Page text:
Coming to this focus for my ministry for the coming year has been liberating and immensely clarifying.  It is not set in stone as I may discover throughout the year that something needs to be changed somewhat – but I have been sitting with it long enough now that I think it’s pretty close to just right.  It also doesn’t mean that I will only do these things – but rather that these things will take priority, and that in all of my ministry, I will be asking how and if it serves one or more of these three areas of focus.

Maybe you notice what isn’t listed here – things like faith formation, pastoral care, or small groups – that have been a big part of my ministry with you up until this point.  Not to worry, I remain as committed to these things as ever, and until Sean is fully up to speed over these next few months, they will remain in my sight and work.  And yet, my job over these next few months is to begin to hand over these things to Sean – to introduce him to the many of you who help make these ministries so meaningful and important, and then to support you all as you take up a new partnership in this work together.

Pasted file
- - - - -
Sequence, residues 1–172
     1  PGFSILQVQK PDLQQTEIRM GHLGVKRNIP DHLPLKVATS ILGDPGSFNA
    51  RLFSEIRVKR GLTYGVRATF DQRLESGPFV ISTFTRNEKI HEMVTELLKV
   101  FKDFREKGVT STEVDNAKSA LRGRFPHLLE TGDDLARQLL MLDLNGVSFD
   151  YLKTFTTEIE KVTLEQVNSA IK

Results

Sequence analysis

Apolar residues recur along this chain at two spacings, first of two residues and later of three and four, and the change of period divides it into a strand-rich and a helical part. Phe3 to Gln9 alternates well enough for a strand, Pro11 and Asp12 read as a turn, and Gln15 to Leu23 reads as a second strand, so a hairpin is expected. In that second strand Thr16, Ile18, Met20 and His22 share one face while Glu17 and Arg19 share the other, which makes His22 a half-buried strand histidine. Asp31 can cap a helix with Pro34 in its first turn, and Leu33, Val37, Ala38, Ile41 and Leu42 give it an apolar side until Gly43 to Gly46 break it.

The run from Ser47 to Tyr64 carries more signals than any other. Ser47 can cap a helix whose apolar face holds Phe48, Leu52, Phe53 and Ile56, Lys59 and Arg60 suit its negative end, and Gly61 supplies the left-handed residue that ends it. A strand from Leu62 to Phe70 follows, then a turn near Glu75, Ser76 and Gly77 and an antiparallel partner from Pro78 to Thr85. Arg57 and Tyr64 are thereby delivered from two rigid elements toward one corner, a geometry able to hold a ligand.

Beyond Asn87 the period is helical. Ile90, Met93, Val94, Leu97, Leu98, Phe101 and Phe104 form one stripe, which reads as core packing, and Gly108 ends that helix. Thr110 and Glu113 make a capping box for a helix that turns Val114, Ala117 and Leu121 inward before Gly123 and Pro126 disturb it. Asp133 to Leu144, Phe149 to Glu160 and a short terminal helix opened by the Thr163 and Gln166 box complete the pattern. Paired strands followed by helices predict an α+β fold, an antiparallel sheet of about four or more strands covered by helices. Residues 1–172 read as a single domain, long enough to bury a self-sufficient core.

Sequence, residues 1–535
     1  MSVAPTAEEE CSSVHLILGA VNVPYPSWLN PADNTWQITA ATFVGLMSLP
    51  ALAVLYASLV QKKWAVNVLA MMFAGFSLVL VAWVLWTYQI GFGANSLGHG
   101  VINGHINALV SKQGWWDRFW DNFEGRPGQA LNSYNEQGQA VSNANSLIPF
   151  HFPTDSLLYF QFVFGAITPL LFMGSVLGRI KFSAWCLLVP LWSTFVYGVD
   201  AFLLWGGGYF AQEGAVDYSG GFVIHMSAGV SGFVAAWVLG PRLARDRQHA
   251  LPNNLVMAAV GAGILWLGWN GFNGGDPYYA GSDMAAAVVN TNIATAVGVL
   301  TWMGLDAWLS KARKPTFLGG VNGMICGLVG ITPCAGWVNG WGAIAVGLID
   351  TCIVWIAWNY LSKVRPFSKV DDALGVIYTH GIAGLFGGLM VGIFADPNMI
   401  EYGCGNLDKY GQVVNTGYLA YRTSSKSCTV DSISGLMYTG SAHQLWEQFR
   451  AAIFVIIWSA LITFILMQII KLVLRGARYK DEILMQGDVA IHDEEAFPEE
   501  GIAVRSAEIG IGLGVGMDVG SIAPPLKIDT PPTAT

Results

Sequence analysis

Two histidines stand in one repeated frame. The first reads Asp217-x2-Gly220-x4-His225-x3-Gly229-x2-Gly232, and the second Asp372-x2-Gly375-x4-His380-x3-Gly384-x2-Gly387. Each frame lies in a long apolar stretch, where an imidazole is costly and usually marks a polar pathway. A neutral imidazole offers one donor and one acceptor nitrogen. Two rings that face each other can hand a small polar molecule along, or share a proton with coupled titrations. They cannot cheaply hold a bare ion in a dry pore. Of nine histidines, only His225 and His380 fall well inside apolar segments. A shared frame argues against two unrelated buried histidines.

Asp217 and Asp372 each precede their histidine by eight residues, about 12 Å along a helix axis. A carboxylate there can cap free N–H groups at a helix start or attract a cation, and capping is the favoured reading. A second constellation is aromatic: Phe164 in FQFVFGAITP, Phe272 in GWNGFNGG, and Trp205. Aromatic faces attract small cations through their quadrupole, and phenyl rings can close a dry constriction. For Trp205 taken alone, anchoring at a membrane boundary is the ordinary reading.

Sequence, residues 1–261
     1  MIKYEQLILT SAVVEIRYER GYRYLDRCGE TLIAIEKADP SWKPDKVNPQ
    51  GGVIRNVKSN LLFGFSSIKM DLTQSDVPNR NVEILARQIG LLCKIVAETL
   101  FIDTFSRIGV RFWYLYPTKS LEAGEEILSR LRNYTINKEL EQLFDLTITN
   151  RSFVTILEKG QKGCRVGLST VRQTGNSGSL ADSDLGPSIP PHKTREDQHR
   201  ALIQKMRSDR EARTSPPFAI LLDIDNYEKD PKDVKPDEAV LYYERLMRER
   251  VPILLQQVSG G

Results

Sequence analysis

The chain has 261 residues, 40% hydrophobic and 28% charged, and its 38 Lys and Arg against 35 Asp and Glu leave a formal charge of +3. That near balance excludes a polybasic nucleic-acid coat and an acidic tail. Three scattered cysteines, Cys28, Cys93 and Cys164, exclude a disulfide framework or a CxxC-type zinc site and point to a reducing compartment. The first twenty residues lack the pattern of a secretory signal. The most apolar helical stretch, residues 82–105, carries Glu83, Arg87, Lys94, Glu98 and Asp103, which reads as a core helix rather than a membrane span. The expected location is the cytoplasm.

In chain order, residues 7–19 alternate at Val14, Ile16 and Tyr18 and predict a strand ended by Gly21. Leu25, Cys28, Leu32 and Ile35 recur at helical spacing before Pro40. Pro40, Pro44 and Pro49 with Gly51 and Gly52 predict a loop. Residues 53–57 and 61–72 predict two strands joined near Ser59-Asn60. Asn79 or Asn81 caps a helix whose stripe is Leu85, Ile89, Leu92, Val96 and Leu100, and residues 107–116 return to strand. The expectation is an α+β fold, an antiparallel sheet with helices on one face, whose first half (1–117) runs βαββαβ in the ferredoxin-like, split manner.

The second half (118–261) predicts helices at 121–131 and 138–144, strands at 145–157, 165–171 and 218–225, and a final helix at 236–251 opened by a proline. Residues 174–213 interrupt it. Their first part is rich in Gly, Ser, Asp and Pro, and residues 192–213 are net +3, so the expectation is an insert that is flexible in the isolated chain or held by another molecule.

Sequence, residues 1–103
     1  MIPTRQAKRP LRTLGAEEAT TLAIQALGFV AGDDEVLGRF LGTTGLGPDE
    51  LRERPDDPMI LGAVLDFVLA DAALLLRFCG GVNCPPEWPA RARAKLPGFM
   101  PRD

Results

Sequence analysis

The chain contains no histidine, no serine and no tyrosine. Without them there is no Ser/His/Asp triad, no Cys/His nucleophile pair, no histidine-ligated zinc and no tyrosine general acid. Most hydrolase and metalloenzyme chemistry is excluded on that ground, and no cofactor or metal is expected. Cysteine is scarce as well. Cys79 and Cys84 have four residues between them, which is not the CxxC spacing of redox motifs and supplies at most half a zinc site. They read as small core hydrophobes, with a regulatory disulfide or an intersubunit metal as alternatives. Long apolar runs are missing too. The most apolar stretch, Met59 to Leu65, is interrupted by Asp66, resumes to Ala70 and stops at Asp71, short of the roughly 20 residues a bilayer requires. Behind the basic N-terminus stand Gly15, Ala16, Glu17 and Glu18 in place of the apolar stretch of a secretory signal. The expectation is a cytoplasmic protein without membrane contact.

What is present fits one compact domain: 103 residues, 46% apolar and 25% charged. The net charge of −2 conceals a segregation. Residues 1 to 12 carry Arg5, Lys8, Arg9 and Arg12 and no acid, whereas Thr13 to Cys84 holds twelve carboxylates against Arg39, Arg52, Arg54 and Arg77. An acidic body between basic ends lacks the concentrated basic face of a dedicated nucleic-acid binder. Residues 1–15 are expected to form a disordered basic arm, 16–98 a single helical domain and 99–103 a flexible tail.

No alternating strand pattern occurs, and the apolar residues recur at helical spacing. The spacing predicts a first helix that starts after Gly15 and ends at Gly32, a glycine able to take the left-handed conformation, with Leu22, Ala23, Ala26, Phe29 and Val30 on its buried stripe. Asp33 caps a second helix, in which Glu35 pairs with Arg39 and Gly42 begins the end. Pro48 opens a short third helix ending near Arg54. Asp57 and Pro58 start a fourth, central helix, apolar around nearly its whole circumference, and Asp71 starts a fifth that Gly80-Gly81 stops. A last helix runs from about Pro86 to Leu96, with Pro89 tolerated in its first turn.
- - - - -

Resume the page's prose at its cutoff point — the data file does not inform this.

As I take up this ministry, I wonder if you have your own version of a mission for the coming church year? What would you say is your ministry mission – those things that are just yours to do in your lives, in the world, and in our congregation as a result of your specific gifts, calling, and convictions of faith?  Play with some ideas- three is a good number – sit with them for a while, see how they feel.  Write them down for yourself, and when you’re ready, tell someone else in our congregation what you’re thinking.  Exchange ideas, and commitments. Help each other live up to your mission.  Let’s keep growing, and learning, together.

With love, and in partnership,
Gretchen